Monday, December 27, 2010

Attacking need from all angles:
The notion that society can accomplish any outsized goal may be unrealistic. “Full employment” never will be achieved, when only members of the workforce who really want a job have one. Polio is thought to have been eradicated, but there were two reported cases in the United States since 2005. There always will be someone who needs some form of help.
How then should one define the end of homelessness, and then accomplish that goal? Area nonprofit organizations are going to try.
The Suncoast Partnership to End Homelessness, a Sarasota-based not-for-profit organization, seeks to live up to its name by embarking on a 10-year plan to end homelessness in Sarasota County, where some 600 people each night — and 10,000 people each year — are counted as homeless. Meanwhile in Charlotte County, where, on average, 626 people are homeless each night, the Charlotte County Homeless Coalition seeks a similar plan to end homelessness in its region.
It won’t be easy, with the economic crisis still in full bloom in Southwest Florida, along with dwindling government and nonprofit agency budgets. So before embarking on their respective plans, both organizations are defining success.
“Different communities choose to attack the plan in a different way,” said Angela M. Hogan, executive director of the homeless coalition. “My goal is to be able to have enough programs and services available in Charlotte County so that every person that is homeless could participate in services, if they wanted to.”
Richard Martin, executive director of the Suncoast Partnership, says the goal — to have everyone housed — is idealistic. He tells people that ending homelessness means “ending it one family or one individual at a time.”
To ensure favorable results, both agencies are mobilizing others interested in the success of their 10-year plans. Cooperation among governments, the business community and nonprofit agencies may result in the more-efficient delivery of services to the homeless population.
Streamlining the process for helping people may be as much a goal of the 10-year plans as it is a tool for achieving the ultimate goal of ending homelessness.
“It might be a case of reallocation of the dollars,” Suncoast Partnership Board Chair Adam Tebrugge said. “If we are spending a large amount of money in our emergency rooms and in our jails to treat this population, maybe there is a smarter way to get people help that actually will save money over the long run.”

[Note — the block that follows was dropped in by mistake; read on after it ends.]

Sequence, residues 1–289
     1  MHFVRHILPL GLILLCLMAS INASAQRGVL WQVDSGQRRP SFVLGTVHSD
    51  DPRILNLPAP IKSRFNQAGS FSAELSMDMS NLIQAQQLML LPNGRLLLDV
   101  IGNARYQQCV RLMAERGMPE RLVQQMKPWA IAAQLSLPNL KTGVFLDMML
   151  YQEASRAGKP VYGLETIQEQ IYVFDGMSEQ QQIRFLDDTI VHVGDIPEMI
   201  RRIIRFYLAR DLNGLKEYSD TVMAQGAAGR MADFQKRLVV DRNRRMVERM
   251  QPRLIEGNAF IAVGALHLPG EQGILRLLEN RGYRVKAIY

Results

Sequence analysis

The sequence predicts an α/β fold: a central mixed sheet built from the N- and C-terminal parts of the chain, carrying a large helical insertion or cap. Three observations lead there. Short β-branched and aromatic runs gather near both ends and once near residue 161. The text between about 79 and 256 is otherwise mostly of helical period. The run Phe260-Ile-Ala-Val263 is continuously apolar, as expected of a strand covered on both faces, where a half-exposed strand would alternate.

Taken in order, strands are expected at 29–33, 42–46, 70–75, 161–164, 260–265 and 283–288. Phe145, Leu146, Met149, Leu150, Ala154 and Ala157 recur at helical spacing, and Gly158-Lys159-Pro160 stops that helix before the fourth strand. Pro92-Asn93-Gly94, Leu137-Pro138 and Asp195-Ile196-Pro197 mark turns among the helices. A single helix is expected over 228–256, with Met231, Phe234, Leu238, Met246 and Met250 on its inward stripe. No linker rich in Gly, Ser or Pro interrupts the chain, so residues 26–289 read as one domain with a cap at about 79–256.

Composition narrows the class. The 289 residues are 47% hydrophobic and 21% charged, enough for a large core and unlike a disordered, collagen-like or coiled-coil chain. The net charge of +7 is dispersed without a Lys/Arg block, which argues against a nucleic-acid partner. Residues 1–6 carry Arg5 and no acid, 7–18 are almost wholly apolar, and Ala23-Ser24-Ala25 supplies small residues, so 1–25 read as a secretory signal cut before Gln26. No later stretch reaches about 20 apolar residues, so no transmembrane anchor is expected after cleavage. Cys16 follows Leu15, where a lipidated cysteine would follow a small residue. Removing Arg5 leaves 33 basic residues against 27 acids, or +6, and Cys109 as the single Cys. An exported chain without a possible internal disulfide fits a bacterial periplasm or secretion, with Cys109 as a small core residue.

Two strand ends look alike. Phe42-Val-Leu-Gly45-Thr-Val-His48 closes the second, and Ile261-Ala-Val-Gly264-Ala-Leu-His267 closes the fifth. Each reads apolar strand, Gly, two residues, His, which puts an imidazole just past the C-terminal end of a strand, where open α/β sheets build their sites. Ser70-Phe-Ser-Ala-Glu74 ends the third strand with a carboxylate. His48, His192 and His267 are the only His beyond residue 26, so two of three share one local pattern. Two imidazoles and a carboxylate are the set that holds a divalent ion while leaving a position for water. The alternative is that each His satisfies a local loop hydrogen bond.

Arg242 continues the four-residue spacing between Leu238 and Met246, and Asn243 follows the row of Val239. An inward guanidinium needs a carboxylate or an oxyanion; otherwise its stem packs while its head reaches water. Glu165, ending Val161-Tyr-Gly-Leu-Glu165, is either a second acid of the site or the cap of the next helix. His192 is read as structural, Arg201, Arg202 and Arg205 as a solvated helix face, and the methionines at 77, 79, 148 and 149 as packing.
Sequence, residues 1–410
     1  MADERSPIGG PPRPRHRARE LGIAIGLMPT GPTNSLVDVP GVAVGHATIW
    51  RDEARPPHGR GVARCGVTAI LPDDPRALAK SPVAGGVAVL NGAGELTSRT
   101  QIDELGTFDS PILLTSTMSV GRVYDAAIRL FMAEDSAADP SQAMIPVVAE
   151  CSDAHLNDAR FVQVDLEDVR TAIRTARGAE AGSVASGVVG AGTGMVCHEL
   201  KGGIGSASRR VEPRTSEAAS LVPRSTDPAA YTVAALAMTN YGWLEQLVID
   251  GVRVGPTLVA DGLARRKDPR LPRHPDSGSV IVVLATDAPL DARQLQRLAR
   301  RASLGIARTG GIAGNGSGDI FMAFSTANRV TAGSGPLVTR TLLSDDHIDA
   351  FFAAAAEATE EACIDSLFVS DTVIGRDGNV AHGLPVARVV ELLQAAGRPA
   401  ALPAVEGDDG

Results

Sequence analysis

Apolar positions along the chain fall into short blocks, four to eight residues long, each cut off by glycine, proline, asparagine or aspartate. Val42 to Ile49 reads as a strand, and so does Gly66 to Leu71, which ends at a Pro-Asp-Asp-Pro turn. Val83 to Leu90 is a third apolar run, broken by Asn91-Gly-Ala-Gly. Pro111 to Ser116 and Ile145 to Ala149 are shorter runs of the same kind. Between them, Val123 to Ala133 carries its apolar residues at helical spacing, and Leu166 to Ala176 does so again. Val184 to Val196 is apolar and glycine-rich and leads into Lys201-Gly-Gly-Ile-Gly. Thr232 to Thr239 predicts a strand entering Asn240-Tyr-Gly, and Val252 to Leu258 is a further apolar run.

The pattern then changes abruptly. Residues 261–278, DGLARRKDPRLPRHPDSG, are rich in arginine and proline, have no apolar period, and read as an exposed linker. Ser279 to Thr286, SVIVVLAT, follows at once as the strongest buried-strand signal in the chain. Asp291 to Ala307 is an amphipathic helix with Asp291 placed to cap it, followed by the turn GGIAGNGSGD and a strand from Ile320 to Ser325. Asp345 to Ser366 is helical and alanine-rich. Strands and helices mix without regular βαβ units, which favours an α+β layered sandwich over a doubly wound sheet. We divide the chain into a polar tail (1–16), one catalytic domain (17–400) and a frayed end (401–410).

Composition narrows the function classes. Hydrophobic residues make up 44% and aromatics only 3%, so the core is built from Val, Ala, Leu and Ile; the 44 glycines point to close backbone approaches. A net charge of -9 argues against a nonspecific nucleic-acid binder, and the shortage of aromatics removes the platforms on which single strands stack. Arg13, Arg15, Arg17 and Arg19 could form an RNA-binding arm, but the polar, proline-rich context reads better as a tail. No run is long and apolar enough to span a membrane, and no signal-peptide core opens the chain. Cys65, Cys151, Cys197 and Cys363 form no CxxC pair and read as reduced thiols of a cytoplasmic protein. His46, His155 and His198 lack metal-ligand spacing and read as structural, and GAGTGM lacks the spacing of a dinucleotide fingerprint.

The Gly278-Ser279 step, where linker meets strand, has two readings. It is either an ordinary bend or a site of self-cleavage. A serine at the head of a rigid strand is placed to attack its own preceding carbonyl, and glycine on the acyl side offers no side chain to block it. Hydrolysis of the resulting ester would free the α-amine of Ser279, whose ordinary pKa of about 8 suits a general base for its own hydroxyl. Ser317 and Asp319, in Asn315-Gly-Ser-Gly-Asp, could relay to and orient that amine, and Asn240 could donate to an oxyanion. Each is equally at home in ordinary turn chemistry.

One of the focal points of these plans is that they not begin and end with agencies that have the word “homeless” in their names. For example, if Charlotte Behavioral Healthcare is serving the homeless population, it also should receive funds to be able to provide those services, Hogan said.
“Because we are the lead agency, we are the ‘Homeless Coalition’ and we are the direct service provider for all homeless services in Charlotte County, we have earned this reputation as being solely responsible for the homeless problem,” Hogan said. “At the same time, that discourages collaboration and that discourages other organizations from wanting to get involved. So to change that paradigm in Charlotte County is where we are right now.”
Seeking collaboration, but not wanting to lead the conversation, the Suncoast Partnership is starting its effort with a blank slate other than focusing on jobs/ employment, housing, public safety, homeless prevention and health and human services, Martin says.
For her part, Hogan says, “We’re going to evaluate what programs and services exist, identify gaps in those services and develop programs and services that meet those needs.”
Efforts to end homelessness have support from both the U.S. Conference of Mayors and the National Association of Counties.
“Five years ago the notion of cities having 10-year plans to end homelessness was naive and risky. No one thought it was possible,” U.S. Interagency Council on Homelessness Executive Director Philip Mangano said. “But the new research and new technologies have created such movement and innovation on this issue that it may now be naive and risky not to have such a plan.”
While Charlotte County Homeless Coalition officials are seeking advice from Lee and Collier counties on how to formulate their plan, Suncoast Partnership officials are looking at Manatee County for inspiration. Manatee County embarked on a 10-year-plan to end homelessness more than four years ago.
The Suncoast Partnership to End Homelessness officials will conduct a community meeting for anyone who wants to be involved in its 10-year plan Feb. 5, 2011, in downtown Sarasota. They hope to unveil the plan in June of next year. The homeless coalition also will sponsor community workshops before unveiling its plan. Input from past and present homeless people will play a key role in both plans.
Samantha Sumner does not ponder the definition of homelessness, but she studies how to end it every day. Sumner, 33, her husband Scott, 40, and their children Jade, 12, and Hahna, 9, are living at the Homeless Coalition’s emergency shelter in Murdock — residents stay there for up to 60 days — while they try to restore their financial situation, after a yearlong struggle. Samantha is awaiting a hearing to address her disability issues, but the family’s hardship may be easing. Scott recently started a telemarketing job in Charlotte Harbor.
“We’re looking at renting again,” Samantha said.
They don’t have a car, so they’ll look for a home close enough to his job that Scott can ride a bicycle provided by Edgewater United Methodist Church’s bike ministry, Samantha said.
Meanwhile, there’s a help wanted sign in the window of Basia’s Food Mart on El Jobean Road, a short bike ride from the shelter.

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